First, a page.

The world is loud. And crowded. We surround ourselves with people and noise and busyness (you’re likely listening to something while reading this and will probably read something else while reading this, too). The clamor and commotion add up to more than mental flightiness–they add up to a hell-bent distraction from eternal things. Those great things we do and surround ourselves with–all the music and talk shows, all the home improvement and sports–are things the enemy would love to keep flashing in front of our face, like the magician’s waving hands keeping us from seeing life disappear in front of us.
…pornography is still bad. For you. For your family. For your church. For our society.
In 1934 Cambridge anthropologist Dr. J. D. Unwin published Sex and Culture. In it he examined 86 cultures spanning 5,000 years with regard to the effects of both sexual restraint and sexual abandon. His perspective was strictly secular, and his findings were not based in moralistic dogma. He found, without exception, that cultures that practiced strict monogamy in marital bonds exhibited what he called creative social energy, and reached the zenith of production. Cultures that had no restraint on sexuality, without exception, deteriorated into mediocrity and chaos. -Donald Hilton
Read the whole article.
Last Sunday in Psalm 51, I preached on the gift of guilt and shame. Rather than things to be rid of as soon as possible, as our culture might tell us, guilt and shame are gifts from the Holy Spirit meant to lead us to Christ. But there are many ways out of guilt, many ways to prematurely feel better about ourselves, many exits from the highway of shame before we get to Christ.
Whether young or old in the faith, unanswered prayer is a great challenge. Pouring our hearts out to God, believing his promises that he hears us (Lk. 11:10) and will give us what we ask for and then finding no answer–how do we wrestle through this?
I am currently writing my second-to-last sermon in the book of Acts. The journey through this part of God’s Word has been extraordinary for me; hopefully, for our congregation as well. To see Jesus bring his gospel through Peter and Paul to the world can only birth broken humility and great hope.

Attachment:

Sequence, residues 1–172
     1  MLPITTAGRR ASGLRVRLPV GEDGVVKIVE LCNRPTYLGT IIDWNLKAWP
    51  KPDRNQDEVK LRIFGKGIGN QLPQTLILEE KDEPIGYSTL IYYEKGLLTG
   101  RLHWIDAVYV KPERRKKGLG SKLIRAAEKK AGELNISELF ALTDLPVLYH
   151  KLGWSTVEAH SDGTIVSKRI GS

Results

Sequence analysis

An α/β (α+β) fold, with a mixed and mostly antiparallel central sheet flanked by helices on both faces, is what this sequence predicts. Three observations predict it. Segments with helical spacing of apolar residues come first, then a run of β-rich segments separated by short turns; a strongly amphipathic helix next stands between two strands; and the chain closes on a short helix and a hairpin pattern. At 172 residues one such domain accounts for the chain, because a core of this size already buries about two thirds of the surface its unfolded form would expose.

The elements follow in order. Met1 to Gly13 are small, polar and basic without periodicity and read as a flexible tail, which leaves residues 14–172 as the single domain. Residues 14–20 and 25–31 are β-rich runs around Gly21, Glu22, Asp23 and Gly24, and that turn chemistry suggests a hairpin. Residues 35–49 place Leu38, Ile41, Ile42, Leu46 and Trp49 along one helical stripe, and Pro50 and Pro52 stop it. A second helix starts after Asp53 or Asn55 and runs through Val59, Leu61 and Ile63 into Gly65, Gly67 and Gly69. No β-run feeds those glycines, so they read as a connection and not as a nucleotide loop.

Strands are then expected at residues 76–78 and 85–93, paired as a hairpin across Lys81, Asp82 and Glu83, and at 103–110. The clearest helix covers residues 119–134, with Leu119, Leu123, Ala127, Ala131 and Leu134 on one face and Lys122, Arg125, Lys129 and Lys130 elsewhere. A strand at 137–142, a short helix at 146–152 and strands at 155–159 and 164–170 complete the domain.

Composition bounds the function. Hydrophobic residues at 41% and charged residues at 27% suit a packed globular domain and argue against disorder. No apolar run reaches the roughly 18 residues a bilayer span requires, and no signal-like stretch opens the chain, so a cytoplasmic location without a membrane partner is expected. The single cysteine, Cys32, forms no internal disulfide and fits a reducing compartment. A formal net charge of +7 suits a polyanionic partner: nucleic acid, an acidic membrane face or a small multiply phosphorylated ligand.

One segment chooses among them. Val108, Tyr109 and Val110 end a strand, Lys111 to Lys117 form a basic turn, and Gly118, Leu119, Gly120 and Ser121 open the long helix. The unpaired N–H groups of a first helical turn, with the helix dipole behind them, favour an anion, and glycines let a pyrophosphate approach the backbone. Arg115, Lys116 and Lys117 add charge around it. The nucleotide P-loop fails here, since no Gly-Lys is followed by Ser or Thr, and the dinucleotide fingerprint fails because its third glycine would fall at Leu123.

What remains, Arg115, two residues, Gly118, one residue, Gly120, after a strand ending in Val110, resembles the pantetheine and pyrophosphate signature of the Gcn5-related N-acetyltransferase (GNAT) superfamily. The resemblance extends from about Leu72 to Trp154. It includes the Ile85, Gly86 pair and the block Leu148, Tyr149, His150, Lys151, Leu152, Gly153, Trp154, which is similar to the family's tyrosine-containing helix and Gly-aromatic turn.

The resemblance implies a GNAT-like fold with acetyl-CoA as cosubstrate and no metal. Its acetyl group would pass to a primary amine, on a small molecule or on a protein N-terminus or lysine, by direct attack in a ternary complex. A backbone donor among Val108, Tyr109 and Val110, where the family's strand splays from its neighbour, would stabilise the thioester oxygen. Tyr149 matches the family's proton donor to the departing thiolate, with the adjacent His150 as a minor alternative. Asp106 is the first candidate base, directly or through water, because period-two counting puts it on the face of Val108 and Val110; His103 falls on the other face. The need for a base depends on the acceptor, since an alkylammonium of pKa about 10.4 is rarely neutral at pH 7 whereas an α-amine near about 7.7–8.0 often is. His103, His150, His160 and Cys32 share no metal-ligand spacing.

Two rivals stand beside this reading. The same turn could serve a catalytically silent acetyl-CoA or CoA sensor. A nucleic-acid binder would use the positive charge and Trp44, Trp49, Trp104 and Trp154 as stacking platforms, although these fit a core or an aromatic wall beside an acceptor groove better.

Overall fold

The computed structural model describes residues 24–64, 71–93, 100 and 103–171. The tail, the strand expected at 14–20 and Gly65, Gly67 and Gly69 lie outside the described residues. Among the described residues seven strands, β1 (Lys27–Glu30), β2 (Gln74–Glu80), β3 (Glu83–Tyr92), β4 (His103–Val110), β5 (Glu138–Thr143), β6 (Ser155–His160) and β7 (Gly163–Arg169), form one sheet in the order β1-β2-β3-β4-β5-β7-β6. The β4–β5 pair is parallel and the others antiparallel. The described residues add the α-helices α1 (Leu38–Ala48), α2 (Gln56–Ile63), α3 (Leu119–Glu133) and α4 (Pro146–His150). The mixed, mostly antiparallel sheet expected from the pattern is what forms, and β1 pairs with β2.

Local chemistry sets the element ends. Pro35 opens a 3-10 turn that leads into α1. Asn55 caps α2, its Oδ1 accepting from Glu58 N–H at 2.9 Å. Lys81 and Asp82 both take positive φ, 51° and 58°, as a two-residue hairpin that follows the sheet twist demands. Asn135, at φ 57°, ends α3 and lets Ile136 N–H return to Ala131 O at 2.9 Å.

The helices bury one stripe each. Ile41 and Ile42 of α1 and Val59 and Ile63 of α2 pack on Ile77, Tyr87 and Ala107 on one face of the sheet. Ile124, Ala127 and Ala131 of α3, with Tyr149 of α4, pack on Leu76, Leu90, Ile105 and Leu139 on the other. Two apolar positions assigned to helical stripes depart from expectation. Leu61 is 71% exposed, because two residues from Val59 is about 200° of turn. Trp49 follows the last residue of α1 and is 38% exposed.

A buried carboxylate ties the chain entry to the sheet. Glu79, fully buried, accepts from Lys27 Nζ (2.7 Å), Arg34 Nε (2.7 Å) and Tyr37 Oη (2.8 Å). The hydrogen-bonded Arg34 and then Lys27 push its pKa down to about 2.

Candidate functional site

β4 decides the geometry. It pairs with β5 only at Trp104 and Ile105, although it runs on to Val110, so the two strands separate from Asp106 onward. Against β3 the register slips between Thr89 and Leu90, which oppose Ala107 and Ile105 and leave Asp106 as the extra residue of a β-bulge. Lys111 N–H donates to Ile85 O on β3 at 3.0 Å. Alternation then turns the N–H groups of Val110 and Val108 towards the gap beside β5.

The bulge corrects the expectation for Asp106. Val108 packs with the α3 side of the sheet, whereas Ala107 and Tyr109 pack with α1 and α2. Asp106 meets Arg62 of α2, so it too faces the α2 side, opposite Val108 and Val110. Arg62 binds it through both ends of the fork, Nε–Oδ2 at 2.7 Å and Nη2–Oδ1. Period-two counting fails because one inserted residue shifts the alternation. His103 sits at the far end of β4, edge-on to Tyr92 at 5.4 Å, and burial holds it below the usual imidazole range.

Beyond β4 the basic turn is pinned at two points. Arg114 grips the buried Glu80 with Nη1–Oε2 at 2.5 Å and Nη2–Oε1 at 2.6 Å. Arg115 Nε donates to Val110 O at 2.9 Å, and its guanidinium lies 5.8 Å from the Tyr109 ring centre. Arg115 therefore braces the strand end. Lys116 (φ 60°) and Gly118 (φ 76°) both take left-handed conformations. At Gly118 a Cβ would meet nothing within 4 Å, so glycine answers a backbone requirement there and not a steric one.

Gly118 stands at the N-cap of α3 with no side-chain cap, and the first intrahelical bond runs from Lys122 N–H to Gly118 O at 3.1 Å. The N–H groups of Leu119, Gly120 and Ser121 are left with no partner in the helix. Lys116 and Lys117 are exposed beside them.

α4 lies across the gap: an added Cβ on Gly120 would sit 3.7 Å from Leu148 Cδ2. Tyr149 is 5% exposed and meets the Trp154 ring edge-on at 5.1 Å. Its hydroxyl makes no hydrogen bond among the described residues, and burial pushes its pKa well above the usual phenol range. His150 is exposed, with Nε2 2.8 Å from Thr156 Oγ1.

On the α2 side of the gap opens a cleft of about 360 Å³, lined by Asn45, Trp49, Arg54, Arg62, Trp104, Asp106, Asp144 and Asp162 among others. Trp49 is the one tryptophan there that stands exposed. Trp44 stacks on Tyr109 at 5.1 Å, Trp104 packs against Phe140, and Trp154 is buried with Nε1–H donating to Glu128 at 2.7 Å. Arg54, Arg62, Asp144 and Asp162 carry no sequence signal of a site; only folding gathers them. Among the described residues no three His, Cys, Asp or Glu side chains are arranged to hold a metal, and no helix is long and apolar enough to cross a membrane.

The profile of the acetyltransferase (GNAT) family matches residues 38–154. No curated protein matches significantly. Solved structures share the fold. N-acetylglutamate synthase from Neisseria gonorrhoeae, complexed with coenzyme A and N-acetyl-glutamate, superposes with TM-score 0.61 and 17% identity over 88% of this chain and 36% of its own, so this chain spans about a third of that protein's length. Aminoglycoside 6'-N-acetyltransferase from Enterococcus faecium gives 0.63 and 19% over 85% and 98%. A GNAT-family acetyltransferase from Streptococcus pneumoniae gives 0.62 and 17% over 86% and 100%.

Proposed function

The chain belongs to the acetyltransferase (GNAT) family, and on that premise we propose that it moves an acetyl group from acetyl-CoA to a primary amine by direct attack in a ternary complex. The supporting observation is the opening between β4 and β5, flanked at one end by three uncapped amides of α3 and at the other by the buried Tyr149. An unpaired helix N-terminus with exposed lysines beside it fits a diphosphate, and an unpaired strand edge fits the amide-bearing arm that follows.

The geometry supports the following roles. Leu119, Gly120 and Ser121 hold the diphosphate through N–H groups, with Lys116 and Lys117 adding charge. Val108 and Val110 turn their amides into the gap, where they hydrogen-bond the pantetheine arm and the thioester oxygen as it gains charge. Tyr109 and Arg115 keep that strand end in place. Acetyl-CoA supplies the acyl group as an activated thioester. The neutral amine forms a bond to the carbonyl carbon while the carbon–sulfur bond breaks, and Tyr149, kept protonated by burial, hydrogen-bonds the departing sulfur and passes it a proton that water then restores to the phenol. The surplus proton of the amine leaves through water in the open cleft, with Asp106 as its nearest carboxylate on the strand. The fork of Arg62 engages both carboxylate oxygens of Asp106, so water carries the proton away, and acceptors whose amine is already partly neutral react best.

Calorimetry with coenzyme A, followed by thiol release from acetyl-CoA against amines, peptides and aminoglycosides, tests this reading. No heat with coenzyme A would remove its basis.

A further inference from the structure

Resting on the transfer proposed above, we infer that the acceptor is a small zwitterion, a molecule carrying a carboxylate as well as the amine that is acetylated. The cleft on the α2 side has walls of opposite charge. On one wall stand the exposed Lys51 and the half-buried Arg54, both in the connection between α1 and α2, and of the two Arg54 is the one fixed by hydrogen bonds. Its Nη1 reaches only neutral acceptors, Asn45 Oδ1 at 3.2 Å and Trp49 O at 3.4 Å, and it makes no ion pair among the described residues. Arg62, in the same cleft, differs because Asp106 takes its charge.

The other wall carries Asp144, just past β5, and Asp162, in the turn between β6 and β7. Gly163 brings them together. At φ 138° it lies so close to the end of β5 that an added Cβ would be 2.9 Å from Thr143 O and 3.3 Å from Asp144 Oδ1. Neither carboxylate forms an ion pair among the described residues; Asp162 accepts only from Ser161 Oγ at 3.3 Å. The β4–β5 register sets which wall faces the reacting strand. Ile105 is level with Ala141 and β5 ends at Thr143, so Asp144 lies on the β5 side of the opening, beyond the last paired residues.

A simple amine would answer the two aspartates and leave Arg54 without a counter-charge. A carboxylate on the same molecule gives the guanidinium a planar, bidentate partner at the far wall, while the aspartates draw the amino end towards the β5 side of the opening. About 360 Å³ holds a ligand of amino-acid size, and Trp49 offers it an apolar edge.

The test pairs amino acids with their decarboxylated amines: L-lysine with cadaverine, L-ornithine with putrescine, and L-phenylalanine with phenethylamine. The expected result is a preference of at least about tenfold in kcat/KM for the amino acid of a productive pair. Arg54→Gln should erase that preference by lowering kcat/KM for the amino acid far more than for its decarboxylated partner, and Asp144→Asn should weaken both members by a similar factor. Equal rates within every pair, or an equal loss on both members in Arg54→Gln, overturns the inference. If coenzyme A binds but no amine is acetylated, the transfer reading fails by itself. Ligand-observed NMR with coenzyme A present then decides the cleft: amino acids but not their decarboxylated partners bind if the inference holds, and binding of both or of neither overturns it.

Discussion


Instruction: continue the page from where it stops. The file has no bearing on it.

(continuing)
One thing I’ve noticed, that I should have learned before: the gospel is simple but it is not simplistic. When he finally got to Rome, Paul called the Jewish leaders to hear his case and then hear the gospel. Rather than lay out before them a five (or forty-five) minute gospel presentation, Paul proclaimed and reasoned with them all day!
Here’s my thought (which reminds me that I’ve been told this already by wiser saints): while it’s good to find ways to communicate the gospel or something about Christ quickly–testimonies, gospel illustrations, etc.–we would do well to work toward much longer evangelistic opportunities. Hours. Days, even. As the wiser saint told me, “I wouldn’t expect someone to buy life insurance after hearing a five minute presentation. How can I expect them to bow before Christ within five minutes?”
To be sure, God can use any gospel message to save souls. But […]
It seems at this point words can only fail. While I, along with the rest of the world, feel stunned breathless by your tragedy, surely your pain and anguish is and will become deeper than we can imagine. But if it is possible to communicate my grief and prayers in a short letter, I’d like to try.
Sneaking a peek at friends’ bookshelves is always telling. But even more telling would be to see what’s on their nightstand. In lieu of real book reviews today, consider this a peek at my bedside table (which is straining under the guilty weight of unread or half-read books). Here are some books I’ve been reading and even some I’ve even been enjoying.
John Dick, regarding the zealots who took a vow not to eat or drink until they could snuff out Paul’s life:
From this transaction we learn how much conscience may be debauched by the principles of a false religion.
In his book The Shallows, Nicholas Carr makes this observation:
The intellectual ethic of a technology is rarely recognized by its inventors…Ultimately, it’s an invention’s intellectual ethic that has the most profound effect upon us.
In preparing for an online seminar through RPTS on technology and social media, I’ve become even more convinced of the necessity of interrogating (roughly, if necessary) our technology. Authors I’ve read on the subject all agree: the inventors of technology cannot be counted on to subject their inventions to a Biblical, discerning screening.